Early identification: are speech/language-impaired toddlers at increased risk for Developmental Coordination Disorder?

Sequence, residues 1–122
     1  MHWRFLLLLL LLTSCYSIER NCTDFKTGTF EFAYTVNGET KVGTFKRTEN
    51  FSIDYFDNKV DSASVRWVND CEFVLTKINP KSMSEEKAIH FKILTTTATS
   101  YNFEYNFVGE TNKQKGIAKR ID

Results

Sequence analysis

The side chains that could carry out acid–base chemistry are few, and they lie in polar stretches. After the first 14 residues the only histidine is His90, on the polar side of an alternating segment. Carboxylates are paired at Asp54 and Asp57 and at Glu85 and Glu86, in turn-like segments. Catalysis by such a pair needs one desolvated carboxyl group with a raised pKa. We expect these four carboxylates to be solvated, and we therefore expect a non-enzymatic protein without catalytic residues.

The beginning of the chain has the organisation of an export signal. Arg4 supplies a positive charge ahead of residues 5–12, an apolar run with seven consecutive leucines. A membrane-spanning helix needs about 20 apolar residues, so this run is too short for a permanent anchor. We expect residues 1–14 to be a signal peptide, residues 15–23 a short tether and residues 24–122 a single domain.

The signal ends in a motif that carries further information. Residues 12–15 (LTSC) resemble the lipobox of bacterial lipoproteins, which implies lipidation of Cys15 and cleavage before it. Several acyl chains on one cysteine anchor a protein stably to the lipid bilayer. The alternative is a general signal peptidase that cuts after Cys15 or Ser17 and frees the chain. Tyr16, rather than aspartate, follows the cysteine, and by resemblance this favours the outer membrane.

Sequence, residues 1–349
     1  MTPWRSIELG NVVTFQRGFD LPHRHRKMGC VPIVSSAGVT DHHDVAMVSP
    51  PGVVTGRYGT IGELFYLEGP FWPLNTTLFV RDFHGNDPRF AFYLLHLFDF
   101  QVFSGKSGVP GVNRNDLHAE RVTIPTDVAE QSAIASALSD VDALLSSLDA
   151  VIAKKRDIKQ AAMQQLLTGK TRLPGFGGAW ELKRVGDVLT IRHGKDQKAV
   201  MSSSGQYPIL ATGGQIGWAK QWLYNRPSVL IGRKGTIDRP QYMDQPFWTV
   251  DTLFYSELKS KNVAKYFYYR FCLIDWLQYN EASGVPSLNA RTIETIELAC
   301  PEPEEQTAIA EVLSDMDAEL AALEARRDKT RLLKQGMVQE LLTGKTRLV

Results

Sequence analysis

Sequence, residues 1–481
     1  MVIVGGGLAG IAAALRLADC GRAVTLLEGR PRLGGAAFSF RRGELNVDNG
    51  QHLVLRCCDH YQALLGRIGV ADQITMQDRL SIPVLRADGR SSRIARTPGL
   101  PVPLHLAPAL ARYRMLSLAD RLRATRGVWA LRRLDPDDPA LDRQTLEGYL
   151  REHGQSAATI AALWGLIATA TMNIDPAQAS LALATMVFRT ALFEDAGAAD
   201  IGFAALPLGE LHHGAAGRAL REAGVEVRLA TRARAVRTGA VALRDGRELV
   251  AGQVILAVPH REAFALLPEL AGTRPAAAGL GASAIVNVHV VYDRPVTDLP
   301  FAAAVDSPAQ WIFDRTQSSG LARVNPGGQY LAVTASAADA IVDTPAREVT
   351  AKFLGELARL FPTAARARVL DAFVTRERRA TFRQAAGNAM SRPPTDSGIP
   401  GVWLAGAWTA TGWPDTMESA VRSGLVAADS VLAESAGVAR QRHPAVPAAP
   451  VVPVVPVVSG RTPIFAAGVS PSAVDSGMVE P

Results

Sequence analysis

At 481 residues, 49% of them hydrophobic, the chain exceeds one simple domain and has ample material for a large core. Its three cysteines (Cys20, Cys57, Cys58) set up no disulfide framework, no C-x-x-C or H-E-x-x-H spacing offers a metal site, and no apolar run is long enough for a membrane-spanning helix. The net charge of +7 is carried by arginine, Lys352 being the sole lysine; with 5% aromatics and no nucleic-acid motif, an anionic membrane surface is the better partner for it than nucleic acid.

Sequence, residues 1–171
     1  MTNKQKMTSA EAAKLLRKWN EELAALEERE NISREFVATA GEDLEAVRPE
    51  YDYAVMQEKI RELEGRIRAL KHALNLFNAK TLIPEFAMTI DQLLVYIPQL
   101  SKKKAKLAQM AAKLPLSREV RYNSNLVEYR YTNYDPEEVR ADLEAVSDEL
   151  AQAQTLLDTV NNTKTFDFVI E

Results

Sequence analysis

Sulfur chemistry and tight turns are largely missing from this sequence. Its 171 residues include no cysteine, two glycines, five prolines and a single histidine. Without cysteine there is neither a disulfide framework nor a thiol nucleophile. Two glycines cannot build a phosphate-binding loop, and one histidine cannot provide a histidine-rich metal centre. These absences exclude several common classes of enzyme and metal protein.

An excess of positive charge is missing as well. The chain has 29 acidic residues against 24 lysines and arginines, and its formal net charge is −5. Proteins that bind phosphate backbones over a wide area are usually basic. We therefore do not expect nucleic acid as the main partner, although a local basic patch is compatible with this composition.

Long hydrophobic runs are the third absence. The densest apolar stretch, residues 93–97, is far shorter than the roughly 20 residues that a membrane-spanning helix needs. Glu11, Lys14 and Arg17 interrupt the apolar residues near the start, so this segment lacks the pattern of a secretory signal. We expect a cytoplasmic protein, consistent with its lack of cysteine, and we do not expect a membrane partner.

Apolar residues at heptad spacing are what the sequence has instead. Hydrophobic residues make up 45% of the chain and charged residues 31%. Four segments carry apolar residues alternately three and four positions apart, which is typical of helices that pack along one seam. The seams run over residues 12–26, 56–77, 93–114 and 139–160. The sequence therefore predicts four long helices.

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BACKGROUND: Developmental Coordination Disorder (DCD) is a movement skill disorder which impacts upon a child's ability to perform age-appropriate self-care and academic tasks. DCD is commonly comorbid with speech/language learning disabilities. AIM: The present study was conducted to determine whether children who had been identified with speech/language delays as toddlers demonstrated characteristics of DCD and/or speech/language problems at kindergarten age. RESULTS: Speech/language and motor assessments who were followed up at 63-80 months of age. Of the 40 children, 18 showed evidence of significant motor impairment and two-thirds of these met diagnostic criteria for DCD at follow-up. Twelve children were identified as having persistent speech/language problems and, of these, nine presented with significant motor co-ordination difficulties. Parental report of gross motor and fine motor problems at follow-up correlated highly with actual motor impairment scores. CONCLUSIONS: Young children who are in early intervention programmes for speech/language delays may have significant co-ordination difficulties that will become more evident at kindergarten age when motor deficits begin to impact self-care and academic tasks. Clinical implications for early recognition of motor issues by speech/language pathologists and the potential use of parental reporting tools are addressed.
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